Nuclear Cardiac Imaging
A cardiac nuclear medicine exam is used to study the structure and function
of the heart. Blood vessels of the heart are best studied by watching
the change in blood flow due to exercise. Therefore you will undergo a
stress test - either through physical exercise or by a drug that simulates
exercise - to make your heart work harder than normal. You will then be
given a radioactive compound, called a tracer. The tracer will collect
in your heart muscle and will emit gamma rays, which the gamma camera
detects. A computer will then produce pictures of the heart by means of
the detected gamma rays.
What to Expect
The combination stress/rest exam may be performed in one day or on two
separate days. For the resting portion, a small amount of tracer will
be injected into a vein in your arm. After a 45-minute wait, imaging of
your heart will be performed with a gamma camera while you are lying on
your back with your arms above your head.
For the stress portion of the exam, electrodes will be attached to your
chest to monitor your heart activity during the stress test. You will
walk on a treadmill for a few minutes or, if you are unable to exercise,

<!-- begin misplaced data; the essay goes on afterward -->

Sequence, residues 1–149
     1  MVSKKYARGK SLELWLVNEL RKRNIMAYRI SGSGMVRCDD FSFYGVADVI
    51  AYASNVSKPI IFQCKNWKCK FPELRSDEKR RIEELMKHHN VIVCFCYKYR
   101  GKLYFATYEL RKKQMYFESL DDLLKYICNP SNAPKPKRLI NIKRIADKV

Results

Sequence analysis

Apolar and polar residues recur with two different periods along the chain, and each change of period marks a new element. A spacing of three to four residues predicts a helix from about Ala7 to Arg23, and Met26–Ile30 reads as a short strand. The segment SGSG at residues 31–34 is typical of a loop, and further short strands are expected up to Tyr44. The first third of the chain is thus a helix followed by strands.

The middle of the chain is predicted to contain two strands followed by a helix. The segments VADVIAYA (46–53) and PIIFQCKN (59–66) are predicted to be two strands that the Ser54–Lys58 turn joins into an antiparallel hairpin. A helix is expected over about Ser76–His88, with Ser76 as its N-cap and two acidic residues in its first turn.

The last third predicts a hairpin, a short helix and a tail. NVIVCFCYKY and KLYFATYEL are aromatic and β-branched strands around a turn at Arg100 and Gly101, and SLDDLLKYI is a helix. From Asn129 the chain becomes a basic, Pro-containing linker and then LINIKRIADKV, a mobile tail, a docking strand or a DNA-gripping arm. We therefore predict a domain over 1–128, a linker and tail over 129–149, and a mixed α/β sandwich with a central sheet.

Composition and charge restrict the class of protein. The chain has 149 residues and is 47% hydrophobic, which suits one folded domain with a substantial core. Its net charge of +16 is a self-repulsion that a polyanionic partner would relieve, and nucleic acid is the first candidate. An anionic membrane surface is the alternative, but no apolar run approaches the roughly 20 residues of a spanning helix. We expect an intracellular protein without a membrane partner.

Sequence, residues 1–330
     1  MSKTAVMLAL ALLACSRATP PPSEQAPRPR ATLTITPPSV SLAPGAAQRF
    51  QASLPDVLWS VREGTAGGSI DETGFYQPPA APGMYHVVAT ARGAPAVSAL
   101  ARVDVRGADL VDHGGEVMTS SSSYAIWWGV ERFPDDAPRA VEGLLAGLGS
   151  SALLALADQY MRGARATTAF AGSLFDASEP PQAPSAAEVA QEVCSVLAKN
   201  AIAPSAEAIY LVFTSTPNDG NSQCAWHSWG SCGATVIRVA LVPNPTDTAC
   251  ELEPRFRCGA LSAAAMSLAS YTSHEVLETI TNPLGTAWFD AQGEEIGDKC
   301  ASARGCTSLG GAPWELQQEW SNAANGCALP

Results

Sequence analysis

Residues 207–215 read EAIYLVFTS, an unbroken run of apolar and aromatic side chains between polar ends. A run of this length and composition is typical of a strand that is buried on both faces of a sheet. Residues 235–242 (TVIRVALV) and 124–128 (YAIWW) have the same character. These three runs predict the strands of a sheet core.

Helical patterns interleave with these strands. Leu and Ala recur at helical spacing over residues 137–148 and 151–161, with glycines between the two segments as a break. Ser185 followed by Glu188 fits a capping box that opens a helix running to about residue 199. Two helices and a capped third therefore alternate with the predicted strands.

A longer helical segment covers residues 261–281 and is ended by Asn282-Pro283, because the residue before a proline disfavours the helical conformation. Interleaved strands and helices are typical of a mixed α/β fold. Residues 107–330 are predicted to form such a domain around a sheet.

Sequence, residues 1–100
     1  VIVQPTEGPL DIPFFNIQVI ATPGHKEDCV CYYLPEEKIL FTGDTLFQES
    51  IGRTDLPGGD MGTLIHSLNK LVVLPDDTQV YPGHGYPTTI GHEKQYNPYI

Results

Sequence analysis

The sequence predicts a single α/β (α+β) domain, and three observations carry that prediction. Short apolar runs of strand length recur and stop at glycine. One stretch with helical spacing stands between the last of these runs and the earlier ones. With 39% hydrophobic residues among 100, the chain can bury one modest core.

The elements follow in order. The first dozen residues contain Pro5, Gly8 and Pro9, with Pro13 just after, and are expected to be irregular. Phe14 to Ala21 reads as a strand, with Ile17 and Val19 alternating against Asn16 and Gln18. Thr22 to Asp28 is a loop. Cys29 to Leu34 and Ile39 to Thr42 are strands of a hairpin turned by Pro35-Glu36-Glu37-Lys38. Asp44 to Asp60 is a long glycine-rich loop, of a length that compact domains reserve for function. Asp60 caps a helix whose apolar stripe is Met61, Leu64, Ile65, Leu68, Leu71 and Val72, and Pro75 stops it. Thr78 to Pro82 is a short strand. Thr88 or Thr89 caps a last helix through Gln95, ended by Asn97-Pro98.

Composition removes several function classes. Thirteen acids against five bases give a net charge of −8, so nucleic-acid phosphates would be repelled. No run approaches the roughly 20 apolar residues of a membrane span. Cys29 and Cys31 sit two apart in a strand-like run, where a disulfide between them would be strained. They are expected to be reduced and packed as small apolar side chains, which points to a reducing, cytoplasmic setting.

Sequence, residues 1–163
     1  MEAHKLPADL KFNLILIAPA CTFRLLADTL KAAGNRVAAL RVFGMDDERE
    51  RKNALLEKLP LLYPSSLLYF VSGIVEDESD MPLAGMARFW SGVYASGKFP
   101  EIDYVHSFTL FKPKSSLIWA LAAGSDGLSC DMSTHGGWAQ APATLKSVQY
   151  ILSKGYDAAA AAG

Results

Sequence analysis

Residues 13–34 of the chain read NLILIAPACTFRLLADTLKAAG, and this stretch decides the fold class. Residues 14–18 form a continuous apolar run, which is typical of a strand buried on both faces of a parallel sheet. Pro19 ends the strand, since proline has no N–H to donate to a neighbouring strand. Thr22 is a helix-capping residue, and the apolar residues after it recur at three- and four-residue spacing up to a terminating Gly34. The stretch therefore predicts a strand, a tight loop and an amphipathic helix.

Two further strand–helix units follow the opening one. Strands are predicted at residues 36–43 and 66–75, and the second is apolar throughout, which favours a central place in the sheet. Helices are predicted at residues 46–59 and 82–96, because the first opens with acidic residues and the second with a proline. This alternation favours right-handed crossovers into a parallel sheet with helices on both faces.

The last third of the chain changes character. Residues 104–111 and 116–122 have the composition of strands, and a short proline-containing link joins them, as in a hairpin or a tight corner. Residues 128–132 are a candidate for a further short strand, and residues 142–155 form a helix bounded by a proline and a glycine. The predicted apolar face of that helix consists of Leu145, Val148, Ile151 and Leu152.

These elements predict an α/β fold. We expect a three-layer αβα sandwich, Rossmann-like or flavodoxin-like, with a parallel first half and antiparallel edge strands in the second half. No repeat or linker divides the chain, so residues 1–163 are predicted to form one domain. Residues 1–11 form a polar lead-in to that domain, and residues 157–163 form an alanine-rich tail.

you will be given a drug that will simulate exercise. A physician will
monitor your ECG and your blood pressure.
A second dose of the tracer is given when the blood flow to the heart
is at peak stress level. The tracer will collect in your heart within
the following 45 minutes. The gamma camera will then be used to obtain
more pictures. You will need to lie very still during that part of the
exam, which takes about 20 minutes. A comparison of the images is done
to conclude whether or not blood flow to your heart has changed between
the resting and stress states, and to check for heart disease.
The entire exam will take approximately three hours if done in one day.
Often, the study is scheduled as a two-day exam.
Side Effects/Follow-Up Care
Side effects and complications
No adverse or allergic reactions are associated with the tracer used during
the exam. You may notice some minor discomfort from the intravenous (IV)
injection. If you are given a medication to increase blood flow instead
of exercising, you may briefly feel dizzy, queasy, shaky or short of breath.
On rare occasions when the side effects of the drug are too severe, other
drugs can be administered to immediately counteract the effects. Patients
who are pregnant or nursing an infant should speak to the referring physician
before scheduling the appointment.
Most patients can resume normal activities right away. The radioactivity
in your body will decrease over time as the tracer material passes out
of the body in the urine or stools.
Locations where Hoag provides Nuclear Cardiac Imaging services